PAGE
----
Today I thought we’d talk about bias not only in the court room but from people in the legal community in general and what you can do about it if you feel you have fallen victim to third party bias. Not being given a proper trial that is based on the facts rather than someone’s opinion is not only unfair, it’s unconstitutional. Whether you’ve gone through family before or not, feeling like the odds are stacked against you from the legal community can feel like you just can’t win your case and there is no hope; this couldn’t be farther from the truth. While it’s true that people who are friends with all the judges and attorneys in town may have an advantage over you, there are steps you can take to get around this kind of adversity. The legal system is set up so that it is impartial; meaning that the judge or your attorney should not choose a side or make up their mind about the case they are working on before they see all the facts; opinions shouldn’t come into play regarding the outcome of the case. After all, family law is driven by the facts of the case. So how do you know if the people involved in your case have a bias against you and your case? Here are some tips to answer these kinds of questions and what you can do about it so you can have a fair trial.
Fact vs. Opinion. The whole point of going to court over a legal issue is because you and your ex can’t come to an agreement out of court and the situation has escalated to the point where you each need to present your facts for your case to a judge that has intimate knowledge of family law and can make a decision based on the facts of the case that are given to him/her. It shouldn’t matter whether they think you’re a bad parent or that you’re a deadbeat or if they have some bias against single fathers as opposed to single mothers; it’s not their job to impose their personal opinions on the case, that is why they are in the professional position that they are in. As the petitioner or respondent in the case, it’s your job to gather as much evidence as possible as to why you should get the custody or visitation schedule that you are asking for.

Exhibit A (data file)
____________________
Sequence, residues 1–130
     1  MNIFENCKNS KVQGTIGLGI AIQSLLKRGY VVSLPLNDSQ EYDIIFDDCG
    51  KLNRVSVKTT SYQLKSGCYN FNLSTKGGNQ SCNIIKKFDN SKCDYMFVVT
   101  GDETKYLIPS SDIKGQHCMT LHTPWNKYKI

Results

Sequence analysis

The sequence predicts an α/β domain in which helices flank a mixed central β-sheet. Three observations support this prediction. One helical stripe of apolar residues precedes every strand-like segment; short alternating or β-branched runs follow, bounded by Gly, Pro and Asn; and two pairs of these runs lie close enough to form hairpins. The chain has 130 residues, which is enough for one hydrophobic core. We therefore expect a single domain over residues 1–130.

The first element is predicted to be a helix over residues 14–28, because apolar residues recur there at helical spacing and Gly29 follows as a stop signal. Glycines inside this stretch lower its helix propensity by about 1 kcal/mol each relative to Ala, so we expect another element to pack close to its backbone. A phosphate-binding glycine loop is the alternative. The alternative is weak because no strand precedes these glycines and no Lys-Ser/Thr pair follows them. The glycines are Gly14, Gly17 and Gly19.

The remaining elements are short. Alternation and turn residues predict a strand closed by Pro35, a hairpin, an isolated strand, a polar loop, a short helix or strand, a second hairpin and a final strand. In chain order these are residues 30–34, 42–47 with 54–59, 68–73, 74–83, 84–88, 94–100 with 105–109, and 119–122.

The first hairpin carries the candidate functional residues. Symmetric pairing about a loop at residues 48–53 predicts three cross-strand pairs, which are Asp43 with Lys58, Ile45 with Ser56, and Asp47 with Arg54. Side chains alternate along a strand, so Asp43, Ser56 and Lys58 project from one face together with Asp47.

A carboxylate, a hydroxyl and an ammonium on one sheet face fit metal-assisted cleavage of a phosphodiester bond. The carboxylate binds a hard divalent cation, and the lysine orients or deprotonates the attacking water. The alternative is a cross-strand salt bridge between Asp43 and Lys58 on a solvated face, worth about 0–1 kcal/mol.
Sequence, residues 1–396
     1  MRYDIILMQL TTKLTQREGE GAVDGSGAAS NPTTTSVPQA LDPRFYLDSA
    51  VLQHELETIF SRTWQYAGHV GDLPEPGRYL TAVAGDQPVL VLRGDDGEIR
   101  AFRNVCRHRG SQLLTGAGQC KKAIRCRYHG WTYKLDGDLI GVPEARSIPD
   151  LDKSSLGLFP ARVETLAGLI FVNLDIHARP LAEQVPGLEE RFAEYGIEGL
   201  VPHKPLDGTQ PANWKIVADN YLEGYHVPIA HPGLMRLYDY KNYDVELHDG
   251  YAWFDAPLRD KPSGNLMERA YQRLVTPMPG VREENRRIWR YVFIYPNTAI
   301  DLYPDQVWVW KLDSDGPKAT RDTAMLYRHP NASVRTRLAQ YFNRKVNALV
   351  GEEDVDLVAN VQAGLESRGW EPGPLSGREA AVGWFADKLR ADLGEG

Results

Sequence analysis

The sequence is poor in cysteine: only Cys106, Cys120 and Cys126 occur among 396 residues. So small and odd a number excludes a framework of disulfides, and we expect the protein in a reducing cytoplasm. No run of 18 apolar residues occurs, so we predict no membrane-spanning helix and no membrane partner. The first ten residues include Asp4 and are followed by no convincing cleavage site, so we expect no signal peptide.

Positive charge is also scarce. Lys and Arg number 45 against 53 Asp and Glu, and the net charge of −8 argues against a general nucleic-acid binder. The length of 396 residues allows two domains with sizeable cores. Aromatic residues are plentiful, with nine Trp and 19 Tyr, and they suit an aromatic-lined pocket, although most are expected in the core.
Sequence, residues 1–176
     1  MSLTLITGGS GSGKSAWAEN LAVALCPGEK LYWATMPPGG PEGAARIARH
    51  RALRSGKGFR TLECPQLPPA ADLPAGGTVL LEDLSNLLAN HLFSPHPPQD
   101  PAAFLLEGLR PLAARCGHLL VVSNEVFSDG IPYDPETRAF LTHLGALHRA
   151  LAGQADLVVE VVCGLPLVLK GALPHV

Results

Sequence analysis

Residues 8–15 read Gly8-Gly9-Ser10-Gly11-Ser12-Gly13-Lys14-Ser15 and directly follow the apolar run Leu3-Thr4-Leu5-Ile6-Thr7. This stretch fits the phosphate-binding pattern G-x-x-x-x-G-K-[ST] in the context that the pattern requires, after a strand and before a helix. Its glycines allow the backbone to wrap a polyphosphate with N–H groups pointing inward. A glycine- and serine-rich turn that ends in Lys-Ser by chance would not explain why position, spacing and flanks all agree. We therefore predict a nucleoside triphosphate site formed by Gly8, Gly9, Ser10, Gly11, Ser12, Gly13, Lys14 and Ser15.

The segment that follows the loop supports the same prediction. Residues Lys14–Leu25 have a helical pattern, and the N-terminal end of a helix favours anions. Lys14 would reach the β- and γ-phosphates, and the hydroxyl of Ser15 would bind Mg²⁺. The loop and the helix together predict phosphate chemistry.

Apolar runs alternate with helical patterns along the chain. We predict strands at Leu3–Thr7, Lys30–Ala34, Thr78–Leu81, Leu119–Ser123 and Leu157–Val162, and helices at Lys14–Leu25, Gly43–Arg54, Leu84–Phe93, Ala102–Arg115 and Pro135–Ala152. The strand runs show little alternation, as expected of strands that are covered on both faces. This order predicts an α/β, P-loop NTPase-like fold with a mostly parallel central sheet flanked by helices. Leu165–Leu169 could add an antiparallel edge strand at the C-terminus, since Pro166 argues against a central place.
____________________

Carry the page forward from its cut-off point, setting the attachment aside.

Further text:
What Can I Do About It? It can be disheartening to pay all the money to hire an attorney or be evaluated by a psychologist and come to the realization that they have something against you that falls under the category of prejudice. The next step is to go around this obstruction and finish your case so you can get your kids. If you find yourself with a biased attorney, one option is to contact someone else within the legal community. Odds are, they will know a little bit about the person you’re currently working with or at least be able to point you in the right direction. Another option is to go directly to the district attorney with your information and tell them that someone is not properly representing you. If they are practicing law in a less than professional manner it’s even possible to get them disbarred but that shouldn’t be a primary concern unless it’s an extreme situation, the goal is to get custody or visitation rights to your children not make someone lose their job. The good news is that the world is not against you and there is always hope. A good way to cover all your bases before something this happens is to do your research about who you’re working with. Before you start paying someone to help you with your family legal issue ask the right questions about their track record, look up history of past cases they’ve worked on and ask around the legal community about their professionalism and ability to properly interpret the facts of the case rather than their own opinions.
Read more at –> www.AboutTheChildren.org
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- How To Go Through The Family Legal Process (aboutthechildrenblog.com)
- What You Can Do About Court Room Bias In Family Law. (aboutthechildrenblog.com)